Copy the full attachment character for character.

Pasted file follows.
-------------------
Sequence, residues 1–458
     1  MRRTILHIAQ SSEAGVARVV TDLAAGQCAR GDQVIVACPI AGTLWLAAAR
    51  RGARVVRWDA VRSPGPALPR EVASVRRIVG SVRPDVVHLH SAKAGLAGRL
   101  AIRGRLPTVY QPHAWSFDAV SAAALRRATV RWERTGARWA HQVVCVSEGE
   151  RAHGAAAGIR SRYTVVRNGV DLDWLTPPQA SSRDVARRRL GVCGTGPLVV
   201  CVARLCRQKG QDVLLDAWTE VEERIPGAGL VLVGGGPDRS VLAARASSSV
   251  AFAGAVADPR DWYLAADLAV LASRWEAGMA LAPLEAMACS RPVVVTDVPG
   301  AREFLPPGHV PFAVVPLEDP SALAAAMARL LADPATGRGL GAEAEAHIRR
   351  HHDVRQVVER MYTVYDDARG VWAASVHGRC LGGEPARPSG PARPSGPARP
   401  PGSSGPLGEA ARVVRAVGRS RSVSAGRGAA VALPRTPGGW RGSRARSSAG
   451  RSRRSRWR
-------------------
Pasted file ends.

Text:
Sequence, residues 1–458
     1  MRRTILHIAQ SSEAGVARVV TDLAAGQCAR GDQVIVACPI AGTLWLAAAR
    51  RGARVVRWDA VRSPGPALPR EVASVRRIVG SVRPDVVHLH SAKAGLAGRL
   101  AIRGRLPTVY QPHAWSFDAV SAAALRRATV RWERTGARWA HQVVCVSEGE
   151  RAHGAAAGIR SRYTVVRNGV DLDWLTPPQA SSRDVARRRL GVCGTGPLVV
   201  CVARLCRQKG QDVLLDAWTE VEERIPGAGL VLVGGGPDRS VLAARASSSV
   251  AFAGAVADPR DWYLAADLAV LASRWEAGMA LAPLEAMACS RPVVVTDVPG
   301  AREFLPPGHV PFAVVPLEDP SALAAAMARL LADPATGRGL GAEAEAHIRR
   351  HHDVRQVVER MYTVYDDARG VWAASVHGRC LGGEPARPSG PARPSGPARP
   401  PGSSGPLGEA ARVVRAVGRS RSVSAGRGAA VALPRTPGGW RGSRARSSAG
   451  RSRRSRWR